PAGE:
“I believe retailers across categories will be scrambling to understand how such technology could fit into their retail environments. The catch is that it’s entirely possible that Amazon’s technological approach, which was patented in 2015, could have a 20-year lock on this specific method of cashierless checkout. And 20 years in today’s retail environment is an epoch.”
Nightingale expects that some senior executives will race to try and deliver Amazon-esque stores as a ‘me-too’ policy, but she believes true value for other retailers will come in realising Amazon’s success is due to its customer experience (CX) approach.
“Because Amazon’s brand is only about delivering what customers need quickly and conveniently, Amazon Go makes sense; but if it was John Lewis, for example, the concept wouldn’t work,” she explains, adding that it ignores hedonic aspects of shopping.
Amazon Go’s 167 sq m (1,800 sq ft) of retail space, which is open from 7am to 9pm Monday to Friday, has been built to take away pain points from the typical shopping experience such as queuing and in-store delays. For Nightingale, that makes the company more human than many other retailers which prioritise pushing product over CX.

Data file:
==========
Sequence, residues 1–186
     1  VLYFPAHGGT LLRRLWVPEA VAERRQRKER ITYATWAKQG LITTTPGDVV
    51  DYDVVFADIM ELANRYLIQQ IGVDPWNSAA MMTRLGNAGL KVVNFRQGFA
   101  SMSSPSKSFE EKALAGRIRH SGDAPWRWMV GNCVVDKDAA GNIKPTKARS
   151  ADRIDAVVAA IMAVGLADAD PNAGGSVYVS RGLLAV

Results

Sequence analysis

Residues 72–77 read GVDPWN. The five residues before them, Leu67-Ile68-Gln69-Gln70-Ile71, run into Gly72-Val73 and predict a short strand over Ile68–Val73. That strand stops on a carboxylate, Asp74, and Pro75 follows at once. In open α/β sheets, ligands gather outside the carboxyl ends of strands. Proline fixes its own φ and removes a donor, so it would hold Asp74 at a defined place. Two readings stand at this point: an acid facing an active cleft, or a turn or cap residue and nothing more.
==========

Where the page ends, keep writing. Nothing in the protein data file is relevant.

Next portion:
Keeping its cards close to its chest regarding further roll-outs, Amazon says it is focused on this single store for now, but it clearly has options. Could it introduce the Go format to its newly-acquired Whole Foods store network? Or, in a similar manner to its Amazon Web Services, might it sell the ‘Just Walk Out’ platform to third-party retailers looking to replicate the model in their own stores?
Stewart Samuel, programme director for grocery intelligence group IGD Canada, visited Amazon Go during its first week and says “there are likely to be further test stores before any decision is made on a wider roll-out”.
“The amount of technology, and its associated cost, required in each store, is likely to be a challenge, particularly given the relatively low basket spend within a convenience store,” he notes on IGD’s Retail Analysis website.
“However, as a marketing tool, and helping to raise brand awareness, this store has probably already provided a return on the investment.”